Safety Checklist for Using Air-Powered Tools

The use of portable tools involves many hazards, but air-operated tools present even more danger. Each type of air-power tool requires knowledge of specific operating instructions. Let’s look at the general hazards that can occur when using air as power.

The air must be compressed, which involves hazards uncommon to any other power source. If properly designed and installed, the air compressor and air receiving tank should operate efficiently. However, proper maintenance is required to ensure continued safe operation.

Safety check list

Before starting an air-power tool:

  • nailgunCheck the tool for loose parts. Tighten if necessary;
  • Check the air strainer in the tool. Clean if necessary;
  • Lubricate the tool with a high-grade light machine oil. Place a few drops into the hose connection, unless an air line lubricator is being used. A few drops every hour are required if the tool is operated continuously.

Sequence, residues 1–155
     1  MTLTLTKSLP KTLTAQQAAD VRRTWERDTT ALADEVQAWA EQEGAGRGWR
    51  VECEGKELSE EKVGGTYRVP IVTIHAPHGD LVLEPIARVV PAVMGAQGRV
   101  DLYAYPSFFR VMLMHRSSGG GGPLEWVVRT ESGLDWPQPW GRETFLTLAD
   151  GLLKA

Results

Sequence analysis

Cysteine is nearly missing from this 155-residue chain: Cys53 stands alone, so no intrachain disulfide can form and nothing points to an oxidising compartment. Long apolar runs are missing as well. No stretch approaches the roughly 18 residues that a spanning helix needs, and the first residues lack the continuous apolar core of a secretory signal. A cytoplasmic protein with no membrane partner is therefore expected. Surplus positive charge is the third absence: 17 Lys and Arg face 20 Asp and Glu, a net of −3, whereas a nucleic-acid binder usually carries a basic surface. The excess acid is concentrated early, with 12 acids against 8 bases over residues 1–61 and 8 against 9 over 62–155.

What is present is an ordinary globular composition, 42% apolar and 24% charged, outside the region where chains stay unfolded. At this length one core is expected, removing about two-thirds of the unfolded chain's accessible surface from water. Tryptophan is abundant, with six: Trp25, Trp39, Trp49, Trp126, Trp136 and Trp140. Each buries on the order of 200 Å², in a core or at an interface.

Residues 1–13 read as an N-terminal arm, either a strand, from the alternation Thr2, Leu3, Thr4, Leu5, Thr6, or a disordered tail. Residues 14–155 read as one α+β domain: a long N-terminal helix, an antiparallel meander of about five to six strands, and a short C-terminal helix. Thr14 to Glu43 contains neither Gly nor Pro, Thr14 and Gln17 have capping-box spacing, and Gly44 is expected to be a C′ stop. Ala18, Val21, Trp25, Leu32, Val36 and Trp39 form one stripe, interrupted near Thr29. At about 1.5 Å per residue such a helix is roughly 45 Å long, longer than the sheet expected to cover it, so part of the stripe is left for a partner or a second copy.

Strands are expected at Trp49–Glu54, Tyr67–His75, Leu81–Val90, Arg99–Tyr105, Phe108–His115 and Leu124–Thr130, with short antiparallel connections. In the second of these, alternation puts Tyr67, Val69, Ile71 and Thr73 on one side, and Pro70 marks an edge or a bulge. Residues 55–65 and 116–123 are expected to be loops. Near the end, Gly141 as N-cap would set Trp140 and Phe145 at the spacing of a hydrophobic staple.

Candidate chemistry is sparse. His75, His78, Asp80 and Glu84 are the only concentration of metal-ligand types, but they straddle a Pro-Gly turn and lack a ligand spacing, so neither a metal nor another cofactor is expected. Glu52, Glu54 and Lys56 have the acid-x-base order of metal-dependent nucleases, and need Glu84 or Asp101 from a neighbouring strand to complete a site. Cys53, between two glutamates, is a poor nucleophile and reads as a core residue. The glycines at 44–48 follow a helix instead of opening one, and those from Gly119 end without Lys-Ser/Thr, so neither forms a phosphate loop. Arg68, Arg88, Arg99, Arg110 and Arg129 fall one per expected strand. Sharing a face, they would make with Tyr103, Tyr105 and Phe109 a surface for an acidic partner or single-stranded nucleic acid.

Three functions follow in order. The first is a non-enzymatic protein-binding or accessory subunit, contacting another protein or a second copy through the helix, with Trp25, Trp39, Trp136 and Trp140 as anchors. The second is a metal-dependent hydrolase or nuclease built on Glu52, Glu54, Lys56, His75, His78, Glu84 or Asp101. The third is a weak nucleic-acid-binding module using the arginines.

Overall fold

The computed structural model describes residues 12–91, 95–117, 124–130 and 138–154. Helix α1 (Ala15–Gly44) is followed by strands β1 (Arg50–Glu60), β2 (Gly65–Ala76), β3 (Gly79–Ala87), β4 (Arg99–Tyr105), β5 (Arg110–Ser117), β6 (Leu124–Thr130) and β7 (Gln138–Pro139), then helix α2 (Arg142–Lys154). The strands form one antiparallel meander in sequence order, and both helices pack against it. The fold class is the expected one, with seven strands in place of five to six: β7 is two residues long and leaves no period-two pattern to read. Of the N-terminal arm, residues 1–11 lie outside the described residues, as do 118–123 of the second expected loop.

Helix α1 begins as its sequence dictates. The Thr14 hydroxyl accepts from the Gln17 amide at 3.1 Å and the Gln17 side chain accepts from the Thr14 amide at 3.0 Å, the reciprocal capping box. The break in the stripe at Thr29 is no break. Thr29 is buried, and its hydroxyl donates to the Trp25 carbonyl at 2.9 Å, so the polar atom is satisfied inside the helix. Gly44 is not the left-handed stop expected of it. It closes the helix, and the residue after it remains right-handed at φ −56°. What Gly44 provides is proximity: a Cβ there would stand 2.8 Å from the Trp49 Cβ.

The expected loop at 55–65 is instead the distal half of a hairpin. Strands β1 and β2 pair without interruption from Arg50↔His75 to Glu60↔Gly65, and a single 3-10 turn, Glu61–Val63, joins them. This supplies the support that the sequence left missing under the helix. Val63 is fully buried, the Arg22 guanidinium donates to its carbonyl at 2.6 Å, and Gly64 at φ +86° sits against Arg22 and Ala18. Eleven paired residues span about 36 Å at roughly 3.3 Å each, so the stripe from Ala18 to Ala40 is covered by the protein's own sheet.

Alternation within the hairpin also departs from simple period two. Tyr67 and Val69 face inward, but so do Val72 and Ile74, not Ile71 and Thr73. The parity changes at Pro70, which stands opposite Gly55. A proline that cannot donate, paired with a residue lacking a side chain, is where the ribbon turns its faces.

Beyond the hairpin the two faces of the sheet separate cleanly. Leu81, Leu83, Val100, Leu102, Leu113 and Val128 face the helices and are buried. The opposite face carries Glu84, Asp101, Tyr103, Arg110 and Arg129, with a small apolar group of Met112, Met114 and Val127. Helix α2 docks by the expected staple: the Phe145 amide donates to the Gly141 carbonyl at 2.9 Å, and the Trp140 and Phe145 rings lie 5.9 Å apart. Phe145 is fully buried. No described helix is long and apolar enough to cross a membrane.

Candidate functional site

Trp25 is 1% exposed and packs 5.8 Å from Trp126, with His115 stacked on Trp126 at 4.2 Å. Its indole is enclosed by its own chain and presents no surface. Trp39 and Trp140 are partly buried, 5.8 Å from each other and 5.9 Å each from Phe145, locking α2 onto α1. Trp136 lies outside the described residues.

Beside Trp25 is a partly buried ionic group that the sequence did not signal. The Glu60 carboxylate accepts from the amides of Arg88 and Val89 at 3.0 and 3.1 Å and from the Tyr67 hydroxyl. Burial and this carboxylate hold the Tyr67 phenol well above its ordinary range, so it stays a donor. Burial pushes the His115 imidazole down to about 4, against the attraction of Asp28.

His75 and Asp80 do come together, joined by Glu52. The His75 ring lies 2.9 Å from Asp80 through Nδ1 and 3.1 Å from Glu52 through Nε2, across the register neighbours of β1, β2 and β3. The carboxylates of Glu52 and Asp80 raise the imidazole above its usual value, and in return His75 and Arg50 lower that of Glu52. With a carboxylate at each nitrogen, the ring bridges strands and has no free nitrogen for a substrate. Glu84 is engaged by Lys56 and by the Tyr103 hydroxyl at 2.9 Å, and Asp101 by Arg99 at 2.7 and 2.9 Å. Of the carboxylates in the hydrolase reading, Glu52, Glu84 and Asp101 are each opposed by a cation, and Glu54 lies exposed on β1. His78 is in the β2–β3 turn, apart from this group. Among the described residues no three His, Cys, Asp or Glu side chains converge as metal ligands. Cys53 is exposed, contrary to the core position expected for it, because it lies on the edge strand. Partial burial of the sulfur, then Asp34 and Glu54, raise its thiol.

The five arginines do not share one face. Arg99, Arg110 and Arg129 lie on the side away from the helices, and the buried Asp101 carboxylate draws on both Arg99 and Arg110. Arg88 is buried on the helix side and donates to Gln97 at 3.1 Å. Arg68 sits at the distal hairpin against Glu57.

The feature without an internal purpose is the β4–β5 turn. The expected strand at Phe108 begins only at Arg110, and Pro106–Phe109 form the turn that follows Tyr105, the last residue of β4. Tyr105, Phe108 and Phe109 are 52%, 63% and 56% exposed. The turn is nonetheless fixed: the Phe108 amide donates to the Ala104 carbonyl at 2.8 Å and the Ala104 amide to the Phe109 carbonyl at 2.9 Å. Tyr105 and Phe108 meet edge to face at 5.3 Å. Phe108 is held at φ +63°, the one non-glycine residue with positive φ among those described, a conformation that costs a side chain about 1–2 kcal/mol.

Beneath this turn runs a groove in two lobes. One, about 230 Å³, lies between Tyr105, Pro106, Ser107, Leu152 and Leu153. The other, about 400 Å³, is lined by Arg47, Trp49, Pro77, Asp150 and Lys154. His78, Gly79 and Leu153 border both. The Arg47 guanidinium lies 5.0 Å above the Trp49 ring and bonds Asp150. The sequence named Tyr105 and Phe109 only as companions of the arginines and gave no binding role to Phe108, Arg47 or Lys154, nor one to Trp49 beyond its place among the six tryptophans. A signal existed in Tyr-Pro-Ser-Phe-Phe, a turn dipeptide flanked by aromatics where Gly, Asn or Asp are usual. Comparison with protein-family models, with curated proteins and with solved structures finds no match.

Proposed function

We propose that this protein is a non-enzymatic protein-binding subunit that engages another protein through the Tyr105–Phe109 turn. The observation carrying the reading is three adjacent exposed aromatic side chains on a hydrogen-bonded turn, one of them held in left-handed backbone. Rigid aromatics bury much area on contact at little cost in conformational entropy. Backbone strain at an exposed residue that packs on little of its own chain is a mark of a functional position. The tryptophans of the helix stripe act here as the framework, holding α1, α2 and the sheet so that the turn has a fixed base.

• Check all fittings for proper connection;
  • Be sure the control valve is in the closed position. An open valve can result in a whipping tool;
  • Check air pressure at the tool retainer device. Without it, the tool may be ejected with force, possibly causing injury or damage to property;
  • Check equipment for the tool-retainer device. Without it, the tool may be ejected with force, possibly causing injury or damage to property;
  • Check the provided guard equipment. Be sure it is properly installed;
  • When changing tools, close the stop valve in the air-supply line. Never kink the hose to save steps or time.

Safe air-tool operators are efficient workers. These operators:

  • Know their tools;
  • Can recognize defects at a glance;
  • Report all defective equipment;
  • Do not improvise make-shift tools;
  • Use the guards supplied by manufacturers;
  • Know the danger of loose spindles in the bearings;
  • Can spot signs of failure in drill steel;
  • Check polishing and other wheels for balance before using them;
  • Avoid using flammable or toxic solvents to clean tools; • Seek and find the safe way to care for and work with air-power tools.
The above is an excerpt from the article, “What are air-powered tools?” For more information, please visit

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